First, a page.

The computer system to blame for the Billings emergency message incident

BILLINGS – A computer system failure was the reason an emergency alert message scheduled to be broadcast within a one-block radius in Billings Heights was sent to everyone in the Yellowstone County Monday morning, said KC Williams, director of Yellowstone County Disaster and Emergency Services.

Law enforcement officers contacted the county’s Department of Emergency Services to send a message directing residents in a one-block area to shelter in place due to a hostage situation. producing on the 300 block of Stillwater Lane.

Instead of the one-block area, the entire county got the message, “Law enforcement problem. Please shelter in place until further notice.” It was sent to county cell phones, TVs and radios at 8:15 a.m.

“Obviously this creates a lot of confusion. Obviously this caused some people not to know exactly what to do and, quite honestly, that was a problem. I guess the good news is that it’s better to warn too many people than two few, but unfortunately this spread throughout the county and it was a problem with the system that we just identified today “Williams said.

Q2 News / Mitch Lagge

Yellowstone County Disaster and Emergency Services Director KC Williams explains the Federal Integrated Public Alert and Warning System to MTN News on Monday afternoon.

The message was sent through the Integrated Public Alerting and Warning System (IPAWS). The system is operated by FEMA and allows local authorities to access it and broadcast emergency information to specific communities via television, cell phones and radio.

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FEMA

An information graphic showing how the Integrated Public Alerting and Warning System operated by the federal government works to disseminate emergency information.

Williams said the IPAWS is typically used by the National Weather Service to send warnings to people in a specific geographic area. This is also the same system used to broadcast AMBER Alerts. The person creating the alert can draw a shape on the map and have the alert only go to people inside the shape.

Williams said the problem was that he was able to draw the shape when creating the alert, but the computer program didn’t recognize the shape and sent the alert to the entire county.

“We drew a geo-targeted map in the alert system with the full anticipation that only those included in the alert zone would be notified of the shelter in place. We learned today that while we can circle and geotagging through the federal IPAWS system, it didn’t recognize the map,” Williams said.

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Q2 News / Mitch Lagge

The orange circle indicates where the IPAWS emergency alert should have been sent. The alert was sent to all of Yellowstone County, rather than the planned one-block radius of a hostage situation in Billings Heights.

Williams said the IPAWS system allows the National Weather Service to draw the map and send the message to the desired area, but the map is not recognized when creating a “non-weather emergency” message. in the system.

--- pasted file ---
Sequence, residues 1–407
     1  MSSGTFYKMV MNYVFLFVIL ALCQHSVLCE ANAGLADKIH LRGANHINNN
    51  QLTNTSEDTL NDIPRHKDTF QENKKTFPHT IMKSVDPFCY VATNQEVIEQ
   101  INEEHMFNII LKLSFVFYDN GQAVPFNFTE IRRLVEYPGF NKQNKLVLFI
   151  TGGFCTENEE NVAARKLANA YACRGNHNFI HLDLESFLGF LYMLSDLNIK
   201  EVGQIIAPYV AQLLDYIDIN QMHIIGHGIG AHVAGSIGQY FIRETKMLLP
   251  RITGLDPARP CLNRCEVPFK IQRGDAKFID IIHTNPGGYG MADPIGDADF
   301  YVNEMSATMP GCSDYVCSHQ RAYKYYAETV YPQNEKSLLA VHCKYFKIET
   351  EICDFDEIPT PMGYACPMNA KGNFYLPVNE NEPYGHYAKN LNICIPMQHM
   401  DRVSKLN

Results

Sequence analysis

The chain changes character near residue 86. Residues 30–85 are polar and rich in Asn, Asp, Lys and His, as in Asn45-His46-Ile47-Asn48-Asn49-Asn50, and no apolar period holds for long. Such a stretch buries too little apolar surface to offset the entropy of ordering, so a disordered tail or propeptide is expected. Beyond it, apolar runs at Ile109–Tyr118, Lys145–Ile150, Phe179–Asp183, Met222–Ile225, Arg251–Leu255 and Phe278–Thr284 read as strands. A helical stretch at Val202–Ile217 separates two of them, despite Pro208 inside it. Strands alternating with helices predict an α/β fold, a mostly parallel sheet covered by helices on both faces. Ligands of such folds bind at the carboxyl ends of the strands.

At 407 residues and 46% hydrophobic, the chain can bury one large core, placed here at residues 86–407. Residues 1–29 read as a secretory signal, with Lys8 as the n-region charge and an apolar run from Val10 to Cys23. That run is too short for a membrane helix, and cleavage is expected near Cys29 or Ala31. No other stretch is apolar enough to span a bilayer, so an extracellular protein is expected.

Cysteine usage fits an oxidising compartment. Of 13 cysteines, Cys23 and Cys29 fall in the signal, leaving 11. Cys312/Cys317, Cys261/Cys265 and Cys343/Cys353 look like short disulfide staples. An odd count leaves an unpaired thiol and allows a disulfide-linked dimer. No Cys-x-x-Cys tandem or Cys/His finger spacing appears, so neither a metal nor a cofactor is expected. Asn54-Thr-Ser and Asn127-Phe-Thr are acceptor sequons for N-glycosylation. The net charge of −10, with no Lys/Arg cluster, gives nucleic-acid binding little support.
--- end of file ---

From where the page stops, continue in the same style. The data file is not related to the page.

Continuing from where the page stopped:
Williams said he notified the appropriate FEMA IT people to fix the problem. He also notified the state’s IPAWS coordinator of the issue so that other Montana County disaster offices would not experience the same issue.

“I was told today that they are aware of the situation, but there is no solution. Not that they’re not trying to fix it, but that there isn’t right now,” Williams said.

The message caused a wave of confusion throughout the county. The city/county’s 9-1-1 dispatch center responded to hundreds of calls from people concerned about their safety, Williams said.

“It caused quite a stir,” Williams said.

Williams said the county’s Department of Disaster and Emergency Services will learn from the accident and better future messages to describe the specific location affected.

On the bright side, the first emergency message that was sent about the hostage situation at 6:49 a.m. via the CodeRED emergency notification app was sent as scheduled, only addressing those in the within the expected one-block radius, Williams said.

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Q2 News / Mitch Lagge

A map showing where the CodeRED alert was successfully routed. The CodeRed alert was only sent to phones within the block of Lake Elmo Drive, Wicks Lane, Cody Drive, and Stillwater Lane.

The county and city began using the CodeRED app in 2019. It allows local emergency officials to broadcast voice or text messages over phone lines subscribed to the free service. Williams said CodeRED is used for more localized emergencies and incidents, like flooding, flooding and road construction. He said the IPAWS system has a higher level of control over the type of emergencies it will notify.

The CodeRed system sent voice and text messages to 97 phones and 66 phones received the message. The CodeRed app sent the message: “Law Enforcement Presence — Evacuate area if possible — stay out of area.”

“Had we had a larger percentage of CodeRED participants, we would have felt more comfortable just using CodeRED, but in a public safety case, you want to make sure we have redundant systems and that we reach as many people as possible. . Today, unfortunately, we went over the line,” Williams said.

Williams said everyone in the county should sign up for CodeRED. You can set up a cell phone to receive voice or text messages about emergencies. If you activate location services, it will follow you to other municipalities that have subscribed to the service and notify you of emergencies if you go to a dangerous place.

To find out how to register, visit the county government website by clicking here.

RELATED: CodeRed: Are Your Emergency Notifications On in Yellowstone County?

Gordon K. Morehouse